D&H: We were trying to unplug, or take the power out of, the concept of a Jewish birthright to a land that Palestinian people are indigenous to and were expelled from. This concept is basic to us and the symbolic value of our programs is just as important as the actual value. We are not able to, nor do we want to, work with hundreds of thousands of people through our programs, but we want as many people as possible to hear about them and to begin to question concepts of birthright. Having a name like “Birthright Unplugged” is the best way to do that.
EoC: What are the ages of the Birthright Unplugged participants?
D&H: While most participants are in their 20s, we have had participants range in age from 12-70.
EoC: How do you find Palestinians that will do home stays?
D&H: Hospitality is a core value for Palestinian and Arab communities and there is a plethora of families who are happy to host international people regardless of nationality and religion.
For both Unplugged and Re-Plugged (the Palestinian youth program), we work with organizations we know and these organizations set up the homestays for the groups.
EoC: Have your clients remained in contact with their Palestinian hosts?
D&H: Many of our participants have remained in contact with their hosts. Some have stayed longer in the region and have gone back to visit their hosts or stay with them again. Others keep in touch via e-mail and via gifts sent through us to the families each time we go.
EoC: What are the ages of the Palestinian children that go on tour with you?
D&H: The children who travel with us on Re-Plugged are generally 10-15 years old. All are under 16, because at age 16, Palestinians in the West Bank and Gaza Strip receive Israeli-issued ID cards, which Israel uses to control their movement. Until that age, Palestinians through a loophole, have somewhat more freedom of movement. We use our privilege as international passport-holders to accompany the children to Jerusalem, the sea, and their ancestral villages.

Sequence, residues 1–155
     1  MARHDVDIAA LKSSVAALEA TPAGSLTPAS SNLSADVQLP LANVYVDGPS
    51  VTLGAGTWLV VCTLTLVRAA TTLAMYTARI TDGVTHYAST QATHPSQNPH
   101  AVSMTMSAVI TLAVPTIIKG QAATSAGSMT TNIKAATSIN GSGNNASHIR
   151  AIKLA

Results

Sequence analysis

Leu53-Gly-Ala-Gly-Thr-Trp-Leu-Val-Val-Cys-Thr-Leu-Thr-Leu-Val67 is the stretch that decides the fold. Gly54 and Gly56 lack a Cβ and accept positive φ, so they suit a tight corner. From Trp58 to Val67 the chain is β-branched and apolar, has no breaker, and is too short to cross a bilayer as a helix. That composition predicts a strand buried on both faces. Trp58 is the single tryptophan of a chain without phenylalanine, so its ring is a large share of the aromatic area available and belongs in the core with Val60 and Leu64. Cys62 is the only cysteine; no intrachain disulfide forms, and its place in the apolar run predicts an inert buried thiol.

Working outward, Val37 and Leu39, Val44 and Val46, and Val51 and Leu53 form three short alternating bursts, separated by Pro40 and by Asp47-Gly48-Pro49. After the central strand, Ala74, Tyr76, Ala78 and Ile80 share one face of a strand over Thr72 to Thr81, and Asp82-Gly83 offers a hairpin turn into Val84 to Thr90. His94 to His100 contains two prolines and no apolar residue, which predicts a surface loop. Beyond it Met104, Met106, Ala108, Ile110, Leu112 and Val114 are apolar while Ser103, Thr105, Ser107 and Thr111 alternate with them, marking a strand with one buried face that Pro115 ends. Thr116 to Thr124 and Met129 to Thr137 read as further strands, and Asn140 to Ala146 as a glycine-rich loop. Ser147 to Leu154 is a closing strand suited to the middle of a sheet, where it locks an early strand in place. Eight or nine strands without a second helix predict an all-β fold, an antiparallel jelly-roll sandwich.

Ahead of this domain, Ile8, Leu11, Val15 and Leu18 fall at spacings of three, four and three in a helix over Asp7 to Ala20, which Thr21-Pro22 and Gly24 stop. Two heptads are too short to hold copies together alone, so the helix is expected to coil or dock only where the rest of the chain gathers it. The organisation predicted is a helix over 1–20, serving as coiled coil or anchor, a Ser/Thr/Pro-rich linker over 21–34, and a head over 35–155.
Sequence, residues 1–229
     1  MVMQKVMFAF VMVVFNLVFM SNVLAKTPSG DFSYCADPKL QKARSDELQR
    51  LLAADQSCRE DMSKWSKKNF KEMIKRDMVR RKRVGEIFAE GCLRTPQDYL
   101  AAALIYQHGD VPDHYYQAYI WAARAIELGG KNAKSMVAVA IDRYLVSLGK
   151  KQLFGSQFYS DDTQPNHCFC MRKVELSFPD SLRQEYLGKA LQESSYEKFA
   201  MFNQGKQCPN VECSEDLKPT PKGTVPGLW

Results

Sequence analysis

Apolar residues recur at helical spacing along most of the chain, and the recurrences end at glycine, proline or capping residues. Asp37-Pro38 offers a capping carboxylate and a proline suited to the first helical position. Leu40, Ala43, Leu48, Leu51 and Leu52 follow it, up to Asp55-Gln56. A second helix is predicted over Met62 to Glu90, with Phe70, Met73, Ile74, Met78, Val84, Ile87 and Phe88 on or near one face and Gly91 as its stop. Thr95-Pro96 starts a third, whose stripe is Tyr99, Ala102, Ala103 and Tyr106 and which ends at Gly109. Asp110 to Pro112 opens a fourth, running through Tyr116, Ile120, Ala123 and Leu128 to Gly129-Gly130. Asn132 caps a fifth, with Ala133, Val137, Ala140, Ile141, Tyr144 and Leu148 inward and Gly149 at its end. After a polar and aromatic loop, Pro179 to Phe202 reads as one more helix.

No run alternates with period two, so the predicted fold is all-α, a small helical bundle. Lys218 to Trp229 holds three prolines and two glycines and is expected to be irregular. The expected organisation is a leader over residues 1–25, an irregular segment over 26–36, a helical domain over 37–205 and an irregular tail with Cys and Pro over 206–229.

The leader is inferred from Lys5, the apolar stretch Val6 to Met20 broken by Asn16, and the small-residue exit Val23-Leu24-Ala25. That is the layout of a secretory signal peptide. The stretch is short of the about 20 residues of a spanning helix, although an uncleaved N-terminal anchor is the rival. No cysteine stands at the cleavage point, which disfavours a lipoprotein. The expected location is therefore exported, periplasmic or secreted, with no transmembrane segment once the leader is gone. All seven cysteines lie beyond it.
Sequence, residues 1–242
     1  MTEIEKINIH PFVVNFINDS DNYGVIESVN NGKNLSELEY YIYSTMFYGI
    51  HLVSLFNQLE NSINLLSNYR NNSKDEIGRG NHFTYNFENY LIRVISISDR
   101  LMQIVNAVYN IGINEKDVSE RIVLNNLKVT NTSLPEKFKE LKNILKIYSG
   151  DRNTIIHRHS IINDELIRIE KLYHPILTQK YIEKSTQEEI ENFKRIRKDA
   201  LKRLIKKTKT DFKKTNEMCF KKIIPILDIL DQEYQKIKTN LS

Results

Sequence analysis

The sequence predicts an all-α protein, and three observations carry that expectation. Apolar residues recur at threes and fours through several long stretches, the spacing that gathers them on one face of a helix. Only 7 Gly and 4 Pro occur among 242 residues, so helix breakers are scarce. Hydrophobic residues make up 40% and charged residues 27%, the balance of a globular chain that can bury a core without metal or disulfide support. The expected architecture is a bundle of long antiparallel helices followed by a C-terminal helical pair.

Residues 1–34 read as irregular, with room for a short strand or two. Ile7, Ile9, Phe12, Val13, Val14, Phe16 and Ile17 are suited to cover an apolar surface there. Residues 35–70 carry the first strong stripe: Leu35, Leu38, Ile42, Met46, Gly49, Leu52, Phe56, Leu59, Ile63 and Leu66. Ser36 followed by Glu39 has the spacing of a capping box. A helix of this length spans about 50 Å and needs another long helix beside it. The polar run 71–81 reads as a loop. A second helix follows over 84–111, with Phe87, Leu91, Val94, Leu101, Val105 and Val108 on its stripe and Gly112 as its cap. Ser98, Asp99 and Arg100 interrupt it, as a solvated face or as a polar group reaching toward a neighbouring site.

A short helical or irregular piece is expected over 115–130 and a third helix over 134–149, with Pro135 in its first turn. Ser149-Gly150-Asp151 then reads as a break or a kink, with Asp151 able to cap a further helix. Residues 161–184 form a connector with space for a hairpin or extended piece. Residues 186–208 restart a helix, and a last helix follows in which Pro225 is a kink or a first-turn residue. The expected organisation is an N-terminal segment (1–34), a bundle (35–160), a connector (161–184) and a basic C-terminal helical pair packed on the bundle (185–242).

EoC: How did you become in contact with them?
D&H: We work in partnership with at least one organization in each refugee camp where we work. Most of the organizations we either know through our other work in Palestine or through friends. The organizations then pick the children to participate.
EoC: Are their parents supportive or worried about them going into Israel?
D&H: Parents and children have been both excited and worried about their trip with us. We designed the trip based on the desire we had heard from refugee communities about the places they long to visit, so the journey is incredibly moving for all involved. At the same time, parents have concerns about their children being out for two full days and one overnight, about possibly being attacked by Israelis, and about cultural differences they might experience. The local organizations that the kids work with have the trust of the families and the fact that we are working with the organizations usually helps quell any concerns.
EoC: What would you say is the biggest difference between the youths of Israel and Palestine?